A while back, I received several emailed copies of a chain-letter from several friends, church members, even pastors.
I’ve been in pastoral ministry for thirty-five years. From the very beginning, chain-letters have been a serious problem to the effectiveness of the Church’s witness in the world. They used to be on paper. Now they’re email, or on FaceBook, or … who knows what’s next?
In the old days, it was the repeatedly received mimeographed, xeroxed, copy-of-a-copy letter on paper, bearing an urgent concern about saving religious broadcasting from Madalyn Murry O’Hair’s non-existent attempt to ban it. It spread at the speed of snail-mail. It did damage. Even in the pre-WWW days, the Federal Communications Commission had to hire staff members simply to respond to the counter-petitions and irate phone calls from concerned, gullible Christians. And it made Christians as a whole seem stupid. (And I received that very chain-letter, updated slightly, within the past 10 years, in email.)
With the growth of the internet, the speed of the spread of chain-letters has simply exploded. No more postage costs, no time delay between send and re-send. Whoosh! “See how great a forest is set ablaze by a small fire!” was James’ exclamation about the spread of gossip and rumors by word-of-mouth. James had no idea how bad it could become, once we got the internet!
The recent email was partly true, partly lies, and a decade old (so that even the true parts were seriously misleading). It is still out there doing harm. Well-meaning people forward things without reading them fully and checking the factuality of the whole thing.
I believe this: if we wish to be effective Christian witnesses in the world, we will need to be “wise as serpents,” not just “innocent as doves” (Matthew 10:16). In the “World Wild Web,” this means we should have a healthy caution. We should check out what we read before we even begin to believe it, and we definitely should investigate it before we forward it to others.
It can be harmful to spread stories that are false – or (sometimes more damaging) partly false. It can make people angry (as this email was designed to do by its original compiler, back in 2006).
It can be harmful to others, and to those of us who spread the stories.
It can be harmful to Christ’s church. Like the kid who cried “Wolf!” too often, Christians will be ignored when we tell the truth, if we get a reputation for passing untrustworthy information. When Christians spread falsehood, we damage not only our own Christian witness, but that of all Christians.
I have three simple requests for you who are my church members and my friends (those of you who don’t know me, and especially if I’m not in your email list, you can take it or leave it as you see fit):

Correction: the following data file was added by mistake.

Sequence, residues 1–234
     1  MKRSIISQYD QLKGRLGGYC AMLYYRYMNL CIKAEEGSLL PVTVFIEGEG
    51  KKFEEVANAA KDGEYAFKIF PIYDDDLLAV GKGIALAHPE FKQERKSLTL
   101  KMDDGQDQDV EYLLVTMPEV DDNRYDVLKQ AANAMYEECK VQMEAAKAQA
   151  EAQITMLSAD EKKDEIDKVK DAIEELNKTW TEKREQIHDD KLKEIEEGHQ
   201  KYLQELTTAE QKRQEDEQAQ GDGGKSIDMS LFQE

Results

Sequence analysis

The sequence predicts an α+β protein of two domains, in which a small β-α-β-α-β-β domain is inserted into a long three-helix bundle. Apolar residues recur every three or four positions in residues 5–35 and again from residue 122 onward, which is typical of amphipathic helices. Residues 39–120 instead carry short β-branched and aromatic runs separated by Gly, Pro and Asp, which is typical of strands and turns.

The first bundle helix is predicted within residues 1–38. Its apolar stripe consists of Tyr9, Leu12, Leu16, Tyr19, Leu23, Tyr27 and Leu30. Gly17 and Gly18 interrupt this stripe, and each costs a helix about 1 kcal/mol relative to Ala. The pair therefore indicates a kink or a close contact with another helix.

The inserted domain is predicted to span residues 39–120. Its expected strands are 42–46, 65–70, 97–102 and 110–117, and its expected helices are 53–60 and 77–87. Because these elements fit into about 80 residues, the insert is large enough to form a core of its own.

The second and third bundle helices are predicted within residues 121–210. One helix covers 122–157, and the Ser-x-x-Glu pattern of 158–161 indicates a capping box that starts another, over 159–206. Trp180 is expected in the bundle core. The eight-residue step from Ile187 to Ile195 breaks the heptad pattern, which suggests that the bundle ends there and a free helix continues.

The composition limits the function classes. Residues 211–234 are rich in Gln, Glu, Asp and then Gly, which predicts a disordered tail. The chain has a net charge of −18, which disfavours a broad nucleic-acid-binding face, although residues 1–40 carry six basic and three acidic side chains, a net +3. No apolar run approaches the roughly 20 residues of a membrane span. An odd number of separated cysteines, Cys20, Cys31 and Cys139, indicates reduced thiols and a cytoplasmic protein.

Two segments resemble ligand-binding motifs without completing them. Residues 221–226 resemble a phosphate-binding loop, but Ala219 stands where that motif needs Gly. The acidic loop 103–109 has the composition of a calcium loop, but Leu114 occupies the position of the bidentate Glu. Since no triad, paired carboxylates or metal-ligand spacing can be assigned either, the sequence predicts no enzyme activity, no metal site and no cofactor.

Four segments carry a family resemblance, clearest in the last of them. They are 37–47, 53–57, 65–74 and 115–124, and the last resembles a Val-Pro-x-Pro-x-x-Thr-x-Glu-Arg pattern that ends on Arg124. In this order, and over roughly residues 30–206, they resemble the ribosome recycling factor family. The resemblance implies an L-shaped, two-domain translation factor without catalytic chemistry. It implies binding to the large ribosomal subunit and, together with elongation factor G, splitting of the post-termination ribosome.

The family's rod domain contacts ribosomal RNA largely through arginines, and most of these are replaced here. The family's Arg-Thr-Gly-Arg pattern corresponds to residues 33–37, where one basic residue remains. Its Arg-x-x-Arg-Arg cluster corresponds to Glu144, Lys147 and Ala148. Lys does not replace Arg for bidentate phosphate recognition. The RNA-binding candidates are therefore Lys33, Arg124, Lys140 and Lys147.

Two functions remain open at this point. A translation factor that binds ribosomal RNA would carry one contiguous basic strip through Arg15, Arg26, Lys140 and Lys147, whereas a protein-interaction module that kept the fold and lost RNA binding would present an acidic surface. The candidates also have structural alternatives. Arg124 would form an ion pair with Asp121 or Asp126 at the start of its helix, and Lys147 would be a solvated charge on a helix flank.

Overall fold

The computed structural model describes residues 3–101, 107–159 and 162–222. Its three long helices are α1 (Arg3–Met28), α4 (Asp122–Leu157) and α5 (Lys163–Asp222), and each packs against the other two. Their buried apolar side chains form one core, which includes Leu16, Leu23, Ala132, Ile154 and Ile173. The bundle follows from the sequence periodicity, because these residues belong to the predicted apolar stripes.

- Please, please, when you receive an email that suggests you pass it on, check it out before you believe it. Asking you to pass an email on to your email list or your friends is a BIG RED FLAG, whether it’s about news or religion or the supposedly latest computer virus. CHECK IT OUT BEFORE YOU BELIEVE IT. EVERY TIME. How do you check it out? My first source is often the http://www.snopes.com website. (By the way, if the chain-mail says “It’s true: I checked it out on Snopes.com,” that’s also a big red flag. CHECK IT OUT FOR YOURSELF.) If it’s about a supposed computer virus, I check it out at my anti-virus software’s website, too. I can also do a Bing or Google search for a couple key terms in the questionable chain letter. Sometimes a check of the news will help. It does damage to you, to automatically believe what is not true.
- ESPECIALLY, please, please, please, CHECK IT OUT BEFORE YOU DECIDE TO PASS A CHAIN-EMAIL ON, EVERY TIME. Even if you choose to believe without checking, you do not want to harm your effectiveness and public trustworthiness, and you have a responsibility not to harm the effectiveness & public trustworthiness of the rest of the Church. It does damage to your friends, and to your relationship to them, to pass on to them what is not true.
- It’s a good idea to learn to use “BCC” to send bulk emails. That way, your recipients’ email addresses aren’t forwarded all over the internet to people they don’t know. It keeps them safer from spammers and hackers, and the accidental responder to the email who hits “reply to all.” You harm your friends, if your email to them – and to all – spreads their email address to people with whom they did not choose to share it.
These are common sense, common courtesy, and grounded in the Gospel.